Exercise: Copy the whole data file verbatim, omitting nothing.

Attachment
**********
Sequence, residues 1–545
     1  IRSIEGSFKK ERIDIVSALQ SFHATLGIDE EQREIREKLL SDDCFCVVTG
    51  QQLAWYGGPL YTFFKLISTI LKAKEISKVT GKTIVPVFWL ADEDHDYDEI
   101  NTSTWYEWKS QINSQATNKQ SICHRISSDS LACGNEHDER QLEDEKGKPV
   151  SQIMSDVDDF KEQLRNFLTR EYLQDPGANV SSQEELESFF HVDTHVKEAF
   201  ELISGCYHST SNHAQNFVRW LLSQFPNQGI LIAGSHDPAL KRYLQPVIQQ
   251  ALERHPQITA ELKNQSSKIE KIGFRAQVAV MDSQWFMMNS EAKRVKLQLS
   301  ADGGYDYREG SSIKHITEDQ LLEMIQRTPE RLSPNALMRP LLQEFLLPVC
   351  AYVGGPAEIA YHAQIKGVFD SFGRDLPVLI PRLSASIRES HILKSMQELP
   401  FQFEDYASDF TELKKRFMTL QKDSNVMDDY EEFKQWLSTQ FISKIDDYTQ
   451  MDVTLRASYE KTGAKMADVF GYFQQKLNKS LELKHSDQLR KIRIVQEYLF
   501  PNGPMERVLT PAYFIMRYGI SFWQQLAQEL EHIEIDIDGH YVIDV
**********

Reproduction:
Sequence, residues 1–545
     1  IRSIEGSFKK ERIDIVSALQ SFHATLGIDE EQREIREKLL SDDCFCVVTG
    51  QQLAWYGGPL YTFFKLISTI LKAKEISKVT GKTIVPVFWL ADEDHDYDEI
   101  NTSTWYEWKS QINSQATNKQ SICHRISSDS LACGNEHDER QLEDEKGKPV
   151  SQIMSDVDDF KEQLRNFLTR EYLQDPGANV SSQEELESFF HVDTHVKEAF
   201  ELISGCYHST SNHAQNFVRW LLSQFPNQGI LIAGSHDPAL KRYLQPVIQQ
   251  ALERHPQITA ELKNQSSKIE KIGFRAQVAV MDSQWFMMNS EAKRVKLQLS
   301  ADGGYDYREG SSIKHITEDQ LLEMIQRTPE RLSPNALMRP LLQEFLLPVC
   351  AYVGGPAEIA YHAQIKGVFD SFGRDLPVLI PRLSASIRES HILKSMQELP
   401  FQFEDYASDF TELKKRFMTL QKDSNVMDDY EEFKQWLSTQ FISKIDDYTQ
   451  MDVTLRASYE KTGAKMADVF GYFQQKLNKS LELKHSDQLR KIRIVQEYLF
   501  PNGPMERVLT PAYFIMRYGI SFWQQLAQEL EHIEIDIDGH YVIDV